The cost of avian flu has a dollar total: $1 billion. That is the combined total that researchers at the universities of Minnesota and Iowa State estimate will cost the two hardest hit states by the outbreak that as of May 19 has spread to 15 states and resulted in the death of 37 million birds.
Accounting for sales losses to include feed suppliers, trucking companies and processing plants, the economic impact for Minnesota is estimated at a loss of nearly $310 million to the state that produces the largest amount of turkeys in the U.S. The loss from egg production in Iowa is calculated to be at just over $600 million.
Egg suppliers are beginning to feel the pinch. Sysco Corp.'s egg supply could be limited for nine to 18 months due to the avian flu outbreak. Michael Foods announced on May 14 that it would not be able to fulfill all its contracts to supply egg products. The company will discontinue certain product lines and take appropriate pricing actions as reduced egg supply and higher operating costs hit its suppliers.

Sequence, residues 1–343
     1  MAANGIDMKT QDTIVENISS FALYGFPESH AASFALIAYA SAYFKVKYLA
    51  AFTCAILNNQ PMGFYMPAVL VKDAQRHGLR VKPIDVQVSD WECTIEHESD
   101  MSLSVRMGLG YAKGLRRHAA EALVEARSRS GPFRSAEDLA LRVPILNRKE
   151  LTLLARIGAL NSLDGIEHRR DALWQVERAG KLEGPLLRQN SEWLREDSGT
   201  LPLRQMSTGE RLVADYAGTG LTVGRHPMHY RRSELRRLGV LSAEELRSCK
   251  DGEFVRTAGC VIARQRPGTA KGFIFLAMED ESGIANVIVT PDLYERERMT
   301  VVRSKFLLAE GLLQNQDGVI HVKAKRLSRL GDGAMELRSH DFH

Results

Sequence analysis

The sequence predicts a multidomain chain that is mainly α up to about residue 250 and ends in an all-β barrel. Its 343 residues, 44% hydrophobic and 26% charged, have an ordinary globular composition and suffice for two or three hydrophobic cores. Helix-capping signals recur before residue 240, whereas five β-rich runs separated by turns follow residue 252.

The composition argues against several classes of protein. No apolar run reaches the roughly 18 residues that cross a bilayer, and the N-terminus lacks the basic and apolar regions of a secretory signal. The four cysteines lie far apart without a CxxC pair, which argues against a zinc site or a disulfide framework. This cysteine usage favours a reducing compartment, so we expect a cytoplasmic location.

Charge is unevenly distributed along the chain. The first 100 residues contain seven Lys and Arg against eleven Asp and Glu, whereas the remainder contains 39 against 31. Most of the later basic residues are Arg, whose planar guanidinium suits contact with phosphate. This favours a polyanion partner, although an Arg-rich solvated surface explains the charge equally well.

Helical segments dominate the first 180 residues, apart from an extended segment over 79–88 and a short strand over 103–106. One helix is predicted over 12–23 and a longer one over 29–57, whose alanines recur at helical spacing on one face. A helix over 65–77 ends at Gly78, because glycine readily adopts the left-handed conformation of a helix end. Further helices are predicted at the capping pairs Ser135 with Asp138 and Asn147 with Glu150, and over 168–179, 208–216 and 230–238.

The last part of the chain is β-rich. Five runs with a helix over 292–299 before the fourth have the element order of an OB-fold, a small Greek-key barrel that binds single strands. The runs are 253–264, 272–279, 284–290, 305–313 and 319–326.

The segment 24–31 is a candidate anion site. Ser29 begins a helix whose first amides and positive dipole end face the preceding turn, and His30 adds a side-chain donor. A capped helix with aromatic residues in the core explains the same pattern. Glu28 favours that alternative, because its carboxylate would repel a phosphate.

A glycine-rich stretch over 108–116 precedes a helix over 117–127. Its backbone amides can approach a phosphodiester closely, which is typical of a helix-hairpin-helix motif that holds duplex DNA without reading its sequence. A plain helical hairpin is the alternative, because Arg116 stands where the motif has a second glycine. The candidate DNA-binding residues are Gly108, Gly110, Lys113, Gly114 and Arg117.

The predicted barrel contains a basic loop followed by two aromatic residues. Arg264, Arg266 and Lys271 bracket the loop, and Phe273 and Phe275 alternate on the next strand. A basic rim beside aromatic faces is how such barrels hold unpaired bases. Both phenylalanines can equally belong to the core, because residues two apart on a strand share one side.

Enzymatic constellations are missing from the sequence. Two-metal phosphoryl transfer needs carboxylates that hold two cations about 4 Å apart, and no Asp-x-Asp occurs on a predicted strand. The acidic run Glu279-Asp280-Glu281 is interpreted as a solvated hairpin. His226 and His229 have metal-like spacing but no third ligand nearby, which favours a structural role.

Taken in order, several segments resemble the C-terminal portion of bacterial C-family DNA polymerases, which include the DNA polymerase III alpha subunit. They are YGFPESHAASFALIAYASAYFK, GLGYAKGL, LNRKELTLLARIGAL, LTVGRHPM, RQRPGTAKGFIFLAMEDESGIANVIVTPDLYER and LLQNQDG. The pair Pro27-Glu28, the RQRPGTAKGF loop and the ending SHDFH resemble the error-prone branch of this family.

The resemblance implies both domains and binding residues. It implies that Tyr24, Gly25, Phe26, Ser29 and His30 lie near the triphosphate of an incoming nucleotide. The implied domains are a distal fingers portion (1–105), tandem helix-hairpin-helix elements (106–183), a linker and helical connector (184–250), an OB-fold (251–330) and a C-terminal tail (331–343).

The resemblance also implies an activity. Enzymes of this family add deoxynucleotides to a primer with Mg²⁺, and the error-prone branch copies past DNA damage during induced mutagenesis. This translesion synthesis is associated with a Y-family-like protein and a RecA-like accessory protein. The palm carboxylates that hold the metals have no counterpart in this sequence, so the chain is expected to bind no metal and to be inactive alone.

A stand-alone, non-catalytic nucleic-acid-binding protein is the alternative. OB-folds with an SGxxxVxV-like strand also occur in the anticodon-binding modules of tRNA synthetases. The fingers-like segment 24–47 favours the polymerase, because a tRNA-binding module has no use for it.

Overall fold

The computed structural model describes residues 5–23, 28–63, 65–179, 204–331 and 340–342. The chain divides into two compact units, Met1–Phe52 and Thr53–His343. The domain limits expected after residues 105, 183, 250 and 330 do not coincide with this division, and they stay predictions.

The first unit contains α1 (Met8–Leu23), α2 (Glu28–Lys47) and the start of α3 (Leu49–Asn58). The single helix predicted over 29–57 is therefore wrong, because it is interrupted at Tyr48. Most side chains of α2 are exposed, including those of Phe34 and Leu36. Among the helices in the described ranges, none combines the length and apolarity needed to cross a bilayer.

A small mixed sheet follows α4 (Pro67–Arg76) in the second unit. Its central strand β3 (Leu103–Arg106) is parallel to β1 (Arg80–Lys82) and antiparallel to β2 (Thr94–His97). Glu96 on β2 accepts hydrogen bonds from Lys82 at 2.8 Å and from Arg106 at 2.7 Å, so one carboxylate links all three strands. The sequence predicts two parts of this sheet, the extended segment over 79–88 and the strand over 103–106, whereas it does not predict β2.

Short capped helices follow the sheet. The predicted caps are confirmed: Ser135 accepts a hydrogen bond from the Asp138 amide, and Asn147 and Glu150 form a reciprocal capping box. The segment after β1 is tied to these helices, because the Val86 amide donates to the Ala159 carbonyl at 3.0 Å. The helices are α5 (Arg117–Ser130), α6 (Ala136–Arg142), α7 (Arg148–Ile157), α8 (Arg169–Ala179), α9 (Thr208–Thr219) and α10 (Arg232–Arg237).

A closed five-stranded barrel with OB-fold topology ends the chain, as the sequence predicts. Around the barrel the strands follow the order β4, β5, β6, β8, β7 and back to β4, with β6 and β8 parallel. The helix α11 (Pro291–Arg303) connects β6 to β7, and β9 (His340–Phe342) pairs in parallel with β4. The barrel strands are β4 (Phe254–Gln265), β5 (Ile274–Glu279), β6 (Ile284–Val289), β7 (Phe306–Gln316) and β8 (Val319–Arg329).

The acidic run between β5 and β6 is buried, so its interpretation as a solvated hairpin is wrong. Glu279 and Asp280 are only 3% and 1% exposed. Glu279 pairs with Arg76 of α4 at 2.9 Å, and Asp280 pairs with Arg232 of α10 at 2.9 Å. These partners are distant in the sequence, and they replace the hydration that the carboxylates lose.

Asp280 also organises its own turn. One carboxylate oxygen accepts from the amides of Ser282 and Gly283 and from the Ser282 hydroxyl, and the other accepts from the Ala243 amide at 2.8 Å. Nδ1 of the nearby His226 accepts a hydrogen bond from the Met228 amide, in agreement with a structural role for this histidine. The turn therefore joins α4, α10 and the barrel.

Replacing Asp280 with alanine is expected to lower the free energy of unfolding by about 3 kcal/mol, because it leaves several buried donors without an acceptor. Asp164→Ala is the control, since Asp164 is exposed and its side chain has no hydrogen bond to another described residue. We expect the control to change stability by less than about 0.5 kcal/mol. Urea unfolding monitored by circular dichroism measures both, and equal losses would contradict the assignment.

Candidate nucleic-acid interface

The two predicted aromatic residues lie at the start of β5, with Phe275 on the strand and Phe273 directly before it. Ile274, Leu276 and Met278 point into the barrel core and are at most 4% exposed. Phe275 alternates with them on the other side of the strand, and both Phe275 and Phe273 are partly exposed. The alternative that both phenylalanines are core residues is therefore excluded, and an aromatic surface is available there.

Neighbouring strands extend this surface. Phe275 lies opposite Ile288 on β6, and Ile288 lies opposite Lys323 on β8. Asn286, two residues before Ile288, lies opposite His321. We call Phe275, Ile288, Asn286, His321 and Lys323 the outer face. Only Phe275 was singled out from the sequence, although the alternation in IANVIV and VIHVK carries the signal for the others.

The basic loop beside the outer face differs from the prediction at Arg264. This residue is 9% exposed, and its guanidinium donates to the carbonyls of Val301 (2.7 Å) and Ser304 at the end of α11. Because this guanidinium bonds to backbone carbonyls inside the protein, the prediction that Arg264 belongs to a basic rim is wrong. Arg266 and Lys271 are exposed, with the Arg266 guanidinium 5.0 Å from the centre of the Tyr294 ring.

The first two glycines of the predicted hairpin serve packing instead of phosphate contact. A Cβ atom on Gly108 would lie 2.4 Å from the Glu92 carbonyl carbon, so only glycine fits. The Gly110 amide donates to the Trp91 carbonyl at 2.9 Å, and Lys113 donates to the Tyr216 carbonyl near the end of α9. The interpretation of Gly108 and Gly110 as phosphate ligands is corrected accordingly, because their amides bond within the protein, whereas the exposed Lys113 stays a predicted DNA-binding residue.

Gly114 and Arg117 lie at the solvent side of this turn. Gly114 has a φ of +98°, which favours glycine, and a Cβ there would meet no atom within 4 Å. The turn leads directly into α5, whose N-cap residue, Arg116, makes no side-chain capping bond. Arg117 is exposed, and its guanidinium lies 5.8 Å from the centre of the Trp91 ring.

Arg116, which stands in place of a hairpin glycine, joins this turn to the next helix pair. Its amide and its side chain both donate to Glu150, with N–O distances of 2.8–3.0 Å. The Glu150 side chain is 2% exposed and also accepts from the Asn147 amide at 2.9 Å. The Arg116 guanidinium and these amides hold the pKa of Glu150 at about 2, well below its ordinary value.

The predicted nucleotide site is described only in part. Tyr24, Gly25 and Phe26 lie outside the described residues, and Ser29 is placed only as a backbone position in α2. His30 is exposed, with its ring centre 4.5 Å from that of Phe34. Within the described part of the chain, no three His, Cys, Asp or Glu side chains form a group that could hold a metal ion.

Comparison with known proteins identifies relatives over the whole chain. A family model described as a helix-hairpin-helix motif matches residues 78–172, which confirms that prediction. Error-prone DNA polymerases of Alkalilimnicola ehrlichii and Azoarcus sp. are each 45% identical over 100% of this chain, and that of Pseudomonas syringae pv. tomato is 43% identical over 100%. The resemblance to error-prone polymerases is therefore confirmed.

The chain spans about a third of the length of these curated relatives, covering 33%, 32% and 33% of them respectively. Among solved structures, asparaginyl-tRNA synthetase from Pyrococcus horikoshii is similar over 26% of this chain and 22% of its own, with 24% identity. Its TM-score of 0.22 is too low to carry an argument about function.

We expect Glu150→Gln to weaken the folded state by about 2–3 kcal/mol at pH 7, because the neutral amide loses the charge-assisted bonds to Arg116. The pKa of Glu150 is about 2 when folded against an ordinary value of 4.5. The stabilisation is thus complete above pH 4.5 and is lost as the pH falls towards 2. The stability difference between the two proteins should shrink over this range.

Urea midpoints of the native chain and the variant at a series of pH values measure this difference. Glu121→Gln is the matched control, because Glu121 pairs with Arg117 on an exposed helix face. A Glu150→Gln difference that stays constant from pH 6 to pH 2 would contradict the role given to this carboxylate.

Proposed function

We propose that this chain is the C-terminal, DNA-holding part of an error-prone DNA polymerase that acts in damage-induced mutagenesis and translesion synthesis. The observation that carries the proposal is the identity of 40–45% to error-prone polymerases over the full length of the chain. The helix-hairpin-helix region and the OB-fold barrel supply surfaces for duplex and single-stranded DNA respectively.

Prices for eggs and turkey meat are rising in the Midwest as the cost of a carton of large eggs in the Midwest jumped nearly 17% to $1.39 a dozen, eggs used as ingredients in processed products climbed 63% to $1.03 a dozen and fresh boneless and skinless tom breast meat for deli meat rose 10% to $3.37 a pound since mid-April.
The outbreak is also having an effect on international sales. Exports of turkey meat will fall 10%, eggs about 1.5% and chicken meat exports 6.8% this year, according to USDA. The export decline is due to national bans of all U.S. poultry products imposed by China, Russia and South Korea.